The tradition of good quality performances at the Cri continued through the 19th century. In 1889, Henry Bracy’s Comic Opera Company with Lillian Tree and Flora Graupner appeared.. This season was so successful that it prompted another vice regal visit by Governor Carrington and his wife.

In 1892 G W Anson packed the theatre with New Men and Old Acres. The season was so popular that the Sydney Mail stated it ‘sorely taxed the seating accommodations’ and ‘every available corner was occupied’.

Four years later Pollards Lilliputian Opera Company appeared. A young Maud Beatty thrilled Sydney in Paul Jones. The Referee called her ‘one of the most promising young actresses and vocalists seen here for many a day’. Maud later became a well known name in Sydney.

George Rignold appeared in a memorable Othello in 1899. The Curtis Minstrels also appeared in that year. The century closed at the Cri with a performance of The Kelly Gang when crowds were turned away from the doors.

The first decade of the 20th century proved that the Criterion Theatre could showcase the elite of the acting profession. In 1901 Alfred Dampier produced the popular hit The Bush King. The next year the Cri continued a Sydney tradition and hosted a Christmas pantomime. In 1902 it was Cinderella.

Later in the decade William Anderson leased the theatre from Frank Musgrove and produced The Squatters Daughter starring Australia’s own Eugenie Duggan. In 1909, Meynell and Gunn’s company stayed for a long season and gave She Stoops to Conquer and The Hypocrates. The company featured the talents of Harcourt Beatty and Gaston Mervale.

As the First World War approached, the quality of theatre continued to be first rate. In 1915 the Cri was taken over by J C Williamson’s and Company. That year, Fred Niblo, a famous comedian appeared. His comedy The Travelling Salesman was an antidote to the troubles of war. In 1918, Marie Tempest, one of the most famous actresses of the age, graced the stage of Sydney’s intimate home of drama.

The post war era saw a wave of relief and celebration flood the world. The Australian theatre echoed this optimistic mood. The Criterion’s offerings during this period were reflective of that trend.

In 1920, Chester Clute, comedian, starred in a musical comedy Irene. American comedian, Joseph Coyne played the Cri in 1921, to great reviews and popular applause. As the decade progressed the Cri hosted plays by Maugham, East of Suez (1924,) the return of the Vanbrugh-Boccicault company and dramatic actors such as Maurice Moscovitch in 1926.

As this spectacular parade of artists performed at the Criterion Theatre, another phenomenon appeared opposite it. The Cri stood proud and protective on the Southeast corner of Pitt and Park, whilst Poverty Point grew on the Northeast corner.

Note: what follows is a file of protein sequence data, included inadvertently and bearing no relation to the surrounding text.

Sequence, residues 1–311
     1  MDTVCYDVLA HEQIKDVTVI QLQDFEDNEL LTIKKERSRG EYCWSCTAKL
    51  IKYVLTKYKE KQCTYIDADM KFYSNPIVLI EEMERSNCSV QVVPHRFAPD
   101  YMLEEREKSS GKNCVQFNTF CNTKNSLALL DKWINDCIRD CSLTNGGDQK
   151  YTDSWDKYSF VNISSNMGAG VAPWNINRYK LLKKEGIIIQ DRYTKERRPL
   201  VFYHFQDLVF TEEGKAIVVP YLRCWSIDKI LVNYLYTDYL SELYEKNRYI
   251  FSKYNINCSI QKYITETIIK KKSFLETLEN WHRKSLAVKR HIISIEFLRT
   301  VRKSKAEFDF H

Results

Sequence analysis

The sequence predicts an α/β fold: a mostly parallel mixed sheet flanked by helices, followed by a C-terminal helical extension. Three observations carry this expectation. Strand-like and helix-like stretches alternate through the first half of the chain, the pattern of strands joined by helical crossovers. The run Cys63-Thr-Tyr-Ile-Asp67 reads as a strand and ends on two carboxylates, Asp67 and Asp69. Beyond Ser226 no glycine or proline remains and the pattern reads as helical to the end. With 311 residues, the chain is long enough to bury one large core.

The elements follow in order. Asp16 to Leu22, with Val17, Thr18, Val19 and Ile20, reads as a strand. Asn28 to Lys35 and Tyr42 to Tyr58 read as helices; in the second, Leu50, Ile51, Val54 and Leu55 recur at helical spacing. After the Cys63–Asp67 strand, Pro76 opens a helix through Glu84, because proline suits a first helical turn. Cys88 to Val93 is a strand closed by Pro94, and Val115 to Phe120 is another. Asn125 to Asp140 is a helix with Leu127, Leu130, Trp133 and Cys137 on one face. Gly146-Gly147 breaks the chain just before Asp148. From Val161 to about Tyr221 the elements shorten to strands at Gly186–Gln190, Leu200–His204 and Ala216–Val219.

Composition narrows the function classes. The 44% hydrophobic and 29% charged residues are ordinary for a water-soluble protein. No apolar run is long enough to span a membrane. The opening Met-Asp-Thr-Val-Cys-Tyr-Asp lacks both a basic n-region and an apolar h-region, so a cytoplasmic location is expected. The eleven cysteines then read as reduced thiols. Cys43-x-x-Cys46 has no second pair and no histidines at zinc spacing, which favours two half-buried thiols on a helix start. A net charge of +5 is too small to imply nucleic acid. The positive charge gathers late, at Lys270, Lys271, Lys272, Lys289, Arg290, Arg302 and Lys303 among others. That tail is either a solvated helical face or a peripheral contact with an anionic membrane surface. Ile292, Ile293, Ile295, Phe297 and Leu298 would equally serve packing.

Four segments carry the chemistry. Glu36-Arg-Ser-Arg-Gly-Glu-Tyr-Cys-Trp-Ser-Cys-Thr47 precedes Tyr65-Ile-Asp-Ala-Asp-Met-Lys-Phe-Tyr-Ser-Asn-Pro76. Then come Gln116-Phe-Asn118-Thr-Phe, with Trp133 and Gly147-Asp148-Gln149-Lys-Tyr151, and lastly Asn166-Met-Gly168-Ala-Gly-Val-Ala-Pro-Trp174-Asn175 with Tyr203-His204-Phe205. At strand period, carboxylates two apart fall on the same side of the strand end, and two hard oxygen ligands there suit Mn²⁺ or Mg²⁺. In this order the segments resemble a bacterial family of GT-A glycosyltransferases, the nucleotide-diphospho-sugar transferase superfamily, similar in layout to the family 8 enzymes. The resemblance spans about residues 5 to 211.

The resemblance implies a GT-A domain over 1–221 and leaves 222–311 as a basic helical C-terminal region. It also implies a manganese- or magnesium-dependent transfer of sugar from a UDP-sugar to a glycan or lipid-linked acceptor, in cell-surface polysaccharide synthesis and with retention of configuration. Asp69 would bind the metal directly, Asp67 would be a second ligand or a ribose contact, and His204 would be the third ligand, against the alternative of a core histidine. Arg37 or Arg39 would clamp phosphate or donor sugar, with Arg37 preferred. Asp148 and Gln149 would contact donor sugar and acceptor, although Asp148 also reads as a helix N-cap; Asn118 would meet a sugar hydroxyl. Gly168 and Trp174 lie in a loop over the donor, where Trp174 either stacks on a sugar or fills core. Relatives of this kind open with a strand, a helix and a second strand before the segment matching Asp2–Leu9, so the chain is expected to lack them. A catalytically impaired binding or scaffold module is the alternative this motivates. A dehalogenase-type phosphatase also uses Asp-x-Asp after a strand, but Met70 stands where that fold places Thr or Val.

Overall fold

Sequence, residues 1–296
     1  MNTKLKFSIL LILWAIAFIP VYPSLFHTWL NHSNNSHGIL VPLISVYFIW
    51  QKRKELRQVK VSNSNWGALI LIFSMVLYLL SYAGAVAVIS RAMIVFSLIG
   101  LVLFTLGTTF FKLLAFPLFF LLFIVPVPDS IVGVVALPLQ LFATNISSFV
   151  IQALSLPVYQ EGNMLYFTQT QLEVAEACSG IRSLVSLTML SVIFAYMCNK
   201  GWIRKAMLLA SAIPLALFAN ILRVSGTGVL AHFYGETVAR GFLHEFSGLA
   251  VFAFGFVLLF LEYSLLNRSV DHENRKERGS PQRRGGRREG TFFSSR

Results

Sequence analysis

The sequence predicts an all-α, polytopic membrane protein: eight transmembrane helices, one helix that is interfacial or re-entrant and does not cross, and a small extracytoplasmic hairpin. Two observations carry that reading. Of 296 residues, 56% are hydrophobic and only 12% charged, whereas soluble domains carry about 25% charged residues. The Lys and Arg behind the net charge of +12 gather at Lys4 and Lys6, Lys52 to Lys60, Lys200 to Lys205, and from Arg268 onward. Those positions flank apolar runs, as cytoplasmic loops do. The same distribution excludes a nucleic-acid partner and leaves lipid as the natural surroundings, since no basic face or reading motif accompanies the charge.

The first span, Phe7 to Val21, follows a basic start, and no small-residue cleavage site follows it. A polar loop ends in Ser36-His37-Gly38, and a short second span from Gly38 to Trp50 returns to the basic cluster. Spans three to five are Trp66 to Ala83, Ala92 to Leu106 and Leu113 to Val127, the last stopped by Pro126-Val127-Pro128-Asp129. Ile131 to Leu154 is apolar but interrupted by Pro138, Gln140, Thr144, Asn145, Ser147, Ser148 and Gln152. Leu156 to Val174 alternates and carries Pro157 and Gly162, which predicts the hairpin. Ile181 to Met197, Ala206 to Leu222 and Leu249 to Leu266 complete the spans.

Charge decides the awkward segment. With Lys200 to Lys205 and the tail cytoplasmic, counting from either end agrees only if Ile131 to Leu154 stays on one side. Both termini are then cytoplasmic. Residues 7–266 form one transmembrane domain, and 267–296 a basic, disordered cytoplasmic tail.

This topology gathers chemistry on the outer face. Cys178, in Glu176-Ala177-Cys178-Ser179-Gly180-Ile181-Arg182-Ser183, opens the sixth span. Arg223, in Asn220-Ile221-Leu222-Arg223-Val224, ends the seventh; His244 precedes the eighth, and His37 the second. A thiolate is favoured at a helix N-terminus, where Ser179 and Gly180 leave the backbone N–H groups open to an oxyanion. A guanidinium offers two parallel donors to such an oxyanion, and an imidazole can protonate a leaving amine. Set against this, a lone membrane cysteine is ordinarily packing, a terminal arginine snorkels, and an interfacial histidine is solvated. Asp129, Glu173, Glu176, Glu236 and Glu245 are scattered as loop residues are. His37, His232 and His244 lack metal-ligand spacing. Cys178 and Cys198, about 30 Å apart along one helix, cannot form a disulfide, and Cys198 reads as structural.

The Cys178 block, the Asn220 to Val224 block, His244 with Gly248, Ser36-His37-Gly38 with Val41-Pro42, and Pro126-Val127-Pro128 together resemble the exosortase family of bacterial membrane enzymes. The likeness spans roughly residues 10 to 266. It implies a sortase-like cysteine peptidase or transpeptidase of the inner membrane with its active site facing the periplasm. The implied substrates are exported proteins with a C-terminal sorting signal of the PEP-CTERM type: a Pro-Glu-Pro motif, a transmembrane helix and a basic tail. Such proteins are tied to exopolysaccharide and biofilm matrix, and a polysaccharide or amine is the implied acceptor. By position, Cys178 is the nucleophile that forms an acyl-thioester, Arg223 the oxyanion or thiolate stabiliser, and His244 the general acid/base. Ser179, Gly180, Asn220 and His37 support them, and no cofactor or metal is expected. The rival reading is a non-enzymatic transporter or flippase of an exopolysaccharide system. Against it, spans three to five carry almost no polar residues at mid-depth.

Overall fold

Poverty Point was a meeting place for out of work performers. They gathered there, swapping tales of the theatre or trying to pick up bookings. As the 1920s drew to a close, the population of Poverty Point grew, and the auditorium of the Criterion grew emptier. The depression, the theatre tax and the competition of the talkies affected the Cri. However, they were not the cause of the theatre’s demise

In 1935, it was announced that the Criterion Theatre was to be demolished to facilitate the widening of Park Street. The increasing use of cars necessitated the upgrade of the city’s roads.

The closing date was set for 13th July 1935. The play chosen for the final night, was The Patsy. It was a comedy starring Agnes Doyle, Marshall Crosby, Sadie Bedford and Franklin Bennett.

On the final night, a packed house gathered to farewell the Criterion. Amongst the crowd was George Dean, who had starred in Falka, the first production at the Cri. George made an amusing speech to lighten the dismal atmosphere. Mr Harold Bowden, J C Williamson’s general manager thanked the the players, the stage staff and the public. To the disappointment of many he did not announce the replacement of the Cri with a new theatre. Instead he explained that the theatre taxes and the general economic climate did not make such a move viable.

The evening closed with Nellie Barnes and Oscar Denes singing a song from their current play at the Royal, Ball at the Savoy. With that, the fifty year career of Sydney’s most intimate legitimate theatre venue was over.

Some days later the bulldozers moved in and demolished the theatre. An extensive series of photographs were taken by A J Perier. The citizens of Poverty Point probably watched in horror as the old building was torn down.

All that remains to remind Sydney of that proud old traditional theatre is a hotel. The Criterion Hotel stands where it always stood, but its next door neighbour is a traffic filled street rather than its old partner, the Criterion Theatre.

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Leann Richards is a guest writer for AussieTheatre.com